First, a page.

heart rate %

I know this may be an old chestnut which has been covered before but I have been guilty of too much effort and subsequent injury following speed work.

I have a heart monitor and have been encoraged to use it more effectively. It is said that 70% of MHR is ok for most running. So far so good?

I have just been out for a nice steady run (7 miles). I was concsious not to push it and felt really comfortable at 135-140.

My MHR is 182 but I have just read on the RW website that 70% of 180 is 127. At 127 it would feel like a real daudle. Plus, I would be out half the night. For interval work that makes 155 around 80%. Am I to beleive that I am supposed to run at 127. Coz I had better start walking!

What is the formula because I do not know many runners who run at that rate.
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Comments

  • you cant apply a formula to an individual
    you need to test it for yourself
  • But surely if my MHR is 182 the percentages are a matter of maths fact. Do other runners feel mega-comfortable at a so-called 70% of threashold?
  • How did you measure your MHR
  • I can't run at anything below about 130-160, my max is about 185.
  • qed
  • If this appears twice, sorry - it just dissapeared off my screen and I don't know where it went!

    MHR - the usual maths. 220 minus age (I get it, you just wanted to know how old we all are :) 182

    Also 300mtr reps - to almost throwing up point somewhere mid third at 180. It felt fairly conclusive my MHR or perhaps I am just soft!

    Same question - do others feel really too comfortable at 70%?
  • the others arent in kepping with the formula




    its individual


    One lass on base training is comfortable at 180

    yes"!
  • my max should be 178 but on my bike i often reach 194,(am i dead now...)it dosnt feel good but im not totally out of breath,so either im very fit or my mother DID find me under a gooseberry bush and doesnt know how old i am(also my bodys knackered for a 26 year old!!!!!)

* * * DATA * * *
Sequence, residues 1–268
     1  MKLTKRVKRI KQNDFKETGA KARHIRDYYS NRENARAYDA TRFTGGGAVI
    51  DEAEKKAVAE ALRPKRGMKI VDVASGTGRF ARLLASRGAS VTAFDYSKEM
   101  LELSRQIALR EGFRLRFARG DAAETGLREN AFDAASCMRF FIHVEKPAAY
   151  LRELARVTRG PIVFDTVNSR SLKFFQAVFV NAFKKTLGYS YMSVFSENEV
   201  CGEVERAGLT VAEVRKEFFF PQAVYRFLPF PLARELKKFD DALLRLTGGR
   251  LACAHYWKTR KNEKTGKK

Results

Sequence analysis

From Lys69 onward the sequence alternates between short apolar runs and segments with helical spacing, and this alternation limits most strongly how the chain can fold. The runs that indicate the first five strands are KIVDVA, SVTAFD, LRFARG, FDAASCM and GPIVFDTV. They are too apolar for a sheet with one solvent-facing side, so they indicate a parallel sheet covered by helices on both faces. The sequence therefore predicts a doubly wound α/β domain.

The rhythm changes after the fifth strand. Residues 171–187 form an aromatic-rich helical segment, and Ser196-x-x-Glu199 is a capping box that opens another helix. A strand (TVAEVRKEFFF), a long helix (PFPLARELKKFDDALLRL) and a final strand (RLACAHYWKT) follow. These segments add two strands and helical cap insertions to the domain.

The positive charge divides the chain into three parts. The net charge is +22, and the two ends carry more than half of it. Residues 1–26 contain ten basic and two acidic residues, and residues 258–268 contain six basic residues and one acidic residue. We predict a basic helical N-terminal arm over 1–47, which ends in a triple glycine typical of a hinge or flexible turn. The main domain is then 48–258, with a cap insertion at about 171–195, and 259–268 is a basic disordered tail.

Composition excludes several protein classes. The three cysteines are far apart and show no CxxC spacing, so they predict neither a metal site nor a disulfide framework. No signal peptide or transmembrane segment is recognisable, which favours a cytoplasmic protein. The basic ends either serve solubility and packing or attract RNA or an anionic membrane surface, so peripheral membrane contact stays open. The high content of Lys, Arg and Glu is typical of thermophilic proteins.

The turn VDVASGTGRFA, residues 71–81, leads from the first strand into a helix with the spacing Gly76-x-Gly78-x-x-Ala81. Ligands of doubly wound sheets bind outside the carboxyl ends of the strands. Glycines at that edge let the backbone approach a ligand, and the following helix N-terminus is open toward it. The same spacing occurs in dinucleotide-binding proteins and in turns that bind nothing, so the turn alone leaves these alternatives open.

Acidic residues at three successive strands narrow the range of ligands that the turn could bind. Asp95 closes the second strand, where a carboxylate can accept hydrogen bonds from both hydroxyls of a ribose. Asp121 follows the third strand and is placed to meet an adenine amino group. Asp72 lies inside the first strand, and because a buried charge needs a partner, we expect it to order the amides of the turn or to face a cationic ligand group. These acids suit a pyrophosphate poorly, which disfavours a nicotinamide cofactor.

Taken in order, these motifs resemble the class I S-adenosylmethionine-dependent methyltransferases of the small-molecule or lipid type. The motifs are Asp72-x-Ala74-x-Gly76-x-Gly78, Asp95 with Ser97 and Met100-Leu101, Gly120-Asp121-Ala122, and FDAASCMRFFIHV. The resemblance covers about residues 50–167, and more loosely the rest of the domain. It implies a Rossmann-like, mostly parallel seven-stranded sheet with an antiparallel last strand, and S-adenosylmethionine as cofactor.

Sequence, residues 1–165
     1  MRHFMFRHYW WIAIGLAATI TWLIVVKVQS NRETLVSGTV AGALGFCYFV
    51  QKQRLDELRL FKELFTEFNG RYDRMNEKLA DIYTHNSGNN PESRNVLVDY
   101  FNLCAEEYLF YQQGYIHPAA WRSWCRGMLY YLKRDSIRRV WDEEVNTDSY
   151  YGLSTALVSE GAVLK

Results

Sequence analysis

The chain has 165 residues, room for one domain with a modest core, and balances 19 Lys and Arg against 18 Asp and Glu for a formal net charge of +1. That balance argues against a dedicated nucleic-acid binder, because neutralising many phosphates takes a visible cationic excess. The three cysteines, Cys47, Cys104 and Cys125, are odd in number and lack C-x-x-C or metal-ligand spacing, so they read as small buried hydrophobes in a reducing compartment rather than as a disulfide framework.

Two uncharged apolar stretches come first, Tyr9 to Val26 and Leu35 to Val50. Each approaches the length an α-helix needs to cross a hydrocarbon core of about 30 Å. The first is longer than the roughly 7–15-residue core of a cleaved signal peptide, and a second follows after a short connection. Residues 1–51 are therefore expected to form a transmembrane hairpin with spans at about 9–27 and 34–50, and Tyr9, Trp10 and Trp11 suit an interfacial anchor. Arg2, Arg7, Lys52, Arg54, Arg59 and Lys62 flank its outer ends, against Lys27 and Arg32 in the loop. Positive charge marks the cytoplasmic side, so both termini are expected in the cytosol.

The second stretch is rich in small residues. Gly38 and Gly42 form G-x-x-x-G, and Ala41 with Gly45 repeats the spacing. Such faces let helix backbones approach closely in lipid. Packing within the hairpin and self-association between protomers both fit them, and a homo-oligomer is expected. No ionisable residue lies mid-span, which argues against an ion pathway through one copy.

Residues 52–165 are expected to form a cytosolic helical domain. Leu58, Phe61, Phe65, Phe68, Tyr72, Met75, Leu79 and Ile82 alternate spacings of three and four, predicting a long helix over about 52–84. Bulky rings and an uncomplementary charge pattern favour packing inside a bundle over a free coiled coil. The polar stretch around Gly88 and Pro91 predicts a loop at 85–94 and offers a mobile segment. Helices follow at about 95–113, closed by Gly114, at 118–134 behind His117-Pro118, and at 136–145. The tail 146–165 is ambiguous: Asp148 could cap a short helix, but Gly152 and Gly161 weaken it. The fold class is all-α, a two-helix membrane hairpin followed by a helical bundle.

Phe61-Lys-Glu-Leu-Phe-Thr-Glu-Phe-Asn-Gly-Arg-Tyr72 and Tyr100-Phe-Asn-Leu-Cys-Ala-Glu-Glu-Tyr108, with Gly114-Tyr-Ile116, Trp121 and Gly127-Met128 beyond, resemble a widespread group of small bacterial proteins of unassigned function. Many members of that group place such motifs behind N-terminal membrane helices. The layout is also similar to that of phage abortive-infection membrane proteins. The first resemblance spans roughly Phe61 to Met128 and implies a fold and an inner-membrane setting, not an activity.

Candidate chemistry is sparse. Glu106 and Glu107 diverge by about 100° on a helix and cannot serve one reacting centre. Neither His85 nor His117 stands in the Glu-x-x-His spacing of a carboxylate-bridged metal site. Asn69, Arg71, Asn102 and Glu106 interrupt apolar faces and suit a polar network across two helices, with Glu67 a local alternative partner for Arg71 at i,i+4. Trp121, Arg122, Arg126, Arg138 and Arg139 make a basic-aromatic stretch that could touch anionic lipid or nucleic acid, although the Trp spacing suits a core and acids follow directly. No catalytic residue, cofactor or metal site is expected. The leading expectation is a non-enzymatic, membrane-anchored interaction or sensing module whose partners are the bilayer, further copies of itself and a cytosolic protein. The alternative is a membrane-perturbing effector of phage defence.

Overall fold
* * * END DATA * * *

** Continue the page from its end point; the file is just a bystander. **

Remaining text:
• andat 70% of my max, if i went by formula, id be walking
    nope
  • my supposed formuls max is 182




    well, my comfy training rate is 150



    and my LT(done by practical means0 is 175
  • mrs slainte`s doctor once told her she had a resting heart rate of 46,and then said she had the heart of an athlete,and the body of a slob,she`s now lost 3st 8 lb ,and runs 3 times a week to try to get the body to match her heart......
  • brave doc
  • not realy,she knew he was right [g]and she`s a sweet heart with a g.s.o.h. she needs it with an old fart like me around...
  • your wife, or the doc
    :)))))
  • It is not what your max should be, it is what it is that counts. If you get to 194 on the bike, your max is not 178, whether it should be or not.

    I have a friend who runs at the club - he is a better runner than me but when I am at 160 he is at 185. I think his max is 200 - he did spend £100 on a VO2 max test. He also cannot run at 70%. To him that is 140 and he just cannot get that low whilst running - he is at a very slow in-efficient jog.

    At a heart rate of 127 I cannot imagine enjoying a run very much, as I said it would be better to walk fast. By the numbers 70% is 127 but it no way feels like 70%. My heart is already at 25-30% when resting so jogging only a little bit more than doubles my heart rate of when I am sitting watching the fish swim around the tank. Maybe I should buy a book! I see there is an idiots guide to heart rate monitors - that must be the one!
  • cat
    the base traiing thing gets you used to that low HR slowly, and then builds you up
  • PH.

    Your figures are about what I reckon -150 is just about enough for a good run and anything under 140 is nice and gentle. But it just dont figure with the advice we get!